Setting goals can be a bit like going to the dentist: I know it's a good thing, but it's always a reminder of my less than perfect hygiene. Hence, it is a call to action for something I have a hard time doing.
That's why when I set New Year's resolutions, I set attainable goals, like quitting smoking (I don't smoke), eating my vegetables (which I love) and not beating my wife (which I don't do).
I tell my wife every year that she should be glad that I prioritize her when setting my goals for the year. She says I should get serious.
When setting goals, I know how motivating it can be to have that proverbial carrot dangling to keep me focused and purposeful.
This fall, I was inspired to use two-wheeled transportation to get to work as much as possible. Riding my motorcycle was fun, including some invigorating morning rides in December before the snow fell.
Once the snow started falling I thought, why quit?
I switched over to my mountain bike and enjoyed some chilly rides that left me wide-eyed and attentive, like no amount of coffee could do.
In addition to saving some gas money, my daily commute sometimes serves as my daily workout, especially those days when work begins and ends in the dark and my little ones are more interested in puzzles and indoor games instead of chilly stroller runs.
As 2013 comes into focus, it becomes time for many to set their sights on some goals for the year. While I tend to not make too big a deal of New Years resolutions - other than my annual commitment to not eat liver - I do appreciate the time to reflect on how I want my year to go.
As a high school cross country coach, our team talks about goals a lot and I like the three-tiered system of setting and approaching goals.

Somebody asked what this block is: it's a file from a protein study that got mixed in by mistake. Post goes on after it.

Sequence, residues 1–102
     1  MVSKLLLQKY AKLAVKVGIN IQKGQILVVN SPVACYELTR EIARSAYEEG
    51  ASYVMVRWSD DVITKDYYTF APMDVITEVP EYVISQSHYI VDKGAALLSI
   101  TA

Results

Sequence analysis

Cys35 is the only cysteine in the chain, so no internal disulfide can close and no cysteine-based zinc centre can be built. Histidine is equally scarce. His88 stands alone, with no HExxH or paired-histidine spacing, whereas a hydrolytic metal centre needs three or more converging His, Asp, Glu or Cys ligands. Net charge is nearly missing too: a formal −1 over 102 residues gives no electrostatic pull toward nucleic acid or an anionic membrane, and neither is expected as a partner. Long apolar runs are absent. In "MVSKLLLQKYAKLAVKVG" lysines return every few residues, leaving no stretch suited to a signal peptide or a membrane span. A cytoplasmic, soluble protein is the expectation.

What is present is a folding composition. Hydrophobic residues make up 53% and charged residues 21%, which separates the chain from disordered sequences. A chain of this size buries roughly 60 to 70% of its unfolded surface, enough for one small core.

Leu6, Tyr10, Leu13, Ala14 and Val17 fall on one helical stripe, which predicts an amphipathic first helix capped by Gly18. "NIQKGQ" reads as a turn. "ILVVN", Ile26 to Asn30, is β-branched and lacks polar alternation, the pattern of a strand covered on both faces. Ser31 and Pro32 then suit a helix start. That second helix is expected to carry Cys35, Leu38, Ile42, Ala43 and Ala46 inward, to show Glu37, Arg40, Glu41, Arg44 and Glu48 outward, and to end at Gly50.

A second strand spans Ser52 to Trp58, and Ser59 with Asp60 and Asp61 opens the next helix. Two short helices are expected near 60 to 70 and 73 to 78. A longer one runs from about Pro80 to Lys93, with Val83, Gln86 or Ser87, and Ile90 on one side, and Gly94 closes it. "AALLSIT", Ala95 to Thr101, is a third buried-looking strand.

The basic premise is that you set three goals for any event or period of time: a big, best day ever goal, a significant but realistic goal, and a goal for if everything goes wrong.
I love dreaming big and setting big-time goals that may be improbable but are inspiring to work toward.
That's what the first goal is about.
I knew it was improbable that I would ever run a four-minute mile in college but I know I became a better runner by training daily with guys who could.
In most hard races, your body hurts and your mind falters but if you dream big and practice, then maybe you can push through that pain for a surprising result.
Rarely does one attain best case scenario goals, but every so often, when everything lines up, you can have a remarkable day that you'll never forget.
And as I tell many athletes, if you never try you'll never know.
The second goal asks you to think about a realistic achievement based on your current abilities. It's still a goal that asks you to work hard and push, but it's reasonably attainable.
Going into a hard rock climb I have the confidence of knowing I have trained and prepared appropriately.
While it still may be challenging, I know it's within reach with the right focus, effort and commitment.
When I reach a second tier goal I feel great because I know the hard work has paid off and all the effort I put into it will leave me with fond memories.
Sometimes things don't go right.
You get sick, a nagging injury flares up, or the weather unleashes its fury. The third goal allows you to still feel good about what you're doing and to appreciate the little things in life.
When my wife and I had our first child, we made our annual trip to Yosemite National Park.
In the past, we could climb and run and explore to our hearts' content. With a child, we knew it would be different.
Hence, we said that if all we did was sit in El Cap Meadows with our new daughter that the trip would be a success.
Anything beyond that would be a bonus.
Having a kid isn't an injury, but it is a reminder of what really counts in life.
This year, I believe that if I have the best day possible, I could run a personal best time in the St. George Marathon in October.
If I have a good day I will run a normal time. My marathon goal will still be a success as long as I get outside with my kids on runs to the park, bike to school more than I drive, get to race day healthy and finish the marathon in the beautiful southwest Utah desert.
Goals and resolutions: Set them to inspire you and remind you of all the good things in life.
- Mike Schneiter is a Glenwood Springs H.S. teacher and coach, owner of Glenwood Climbing Guides and is a Brooks Inspire Daily athlete.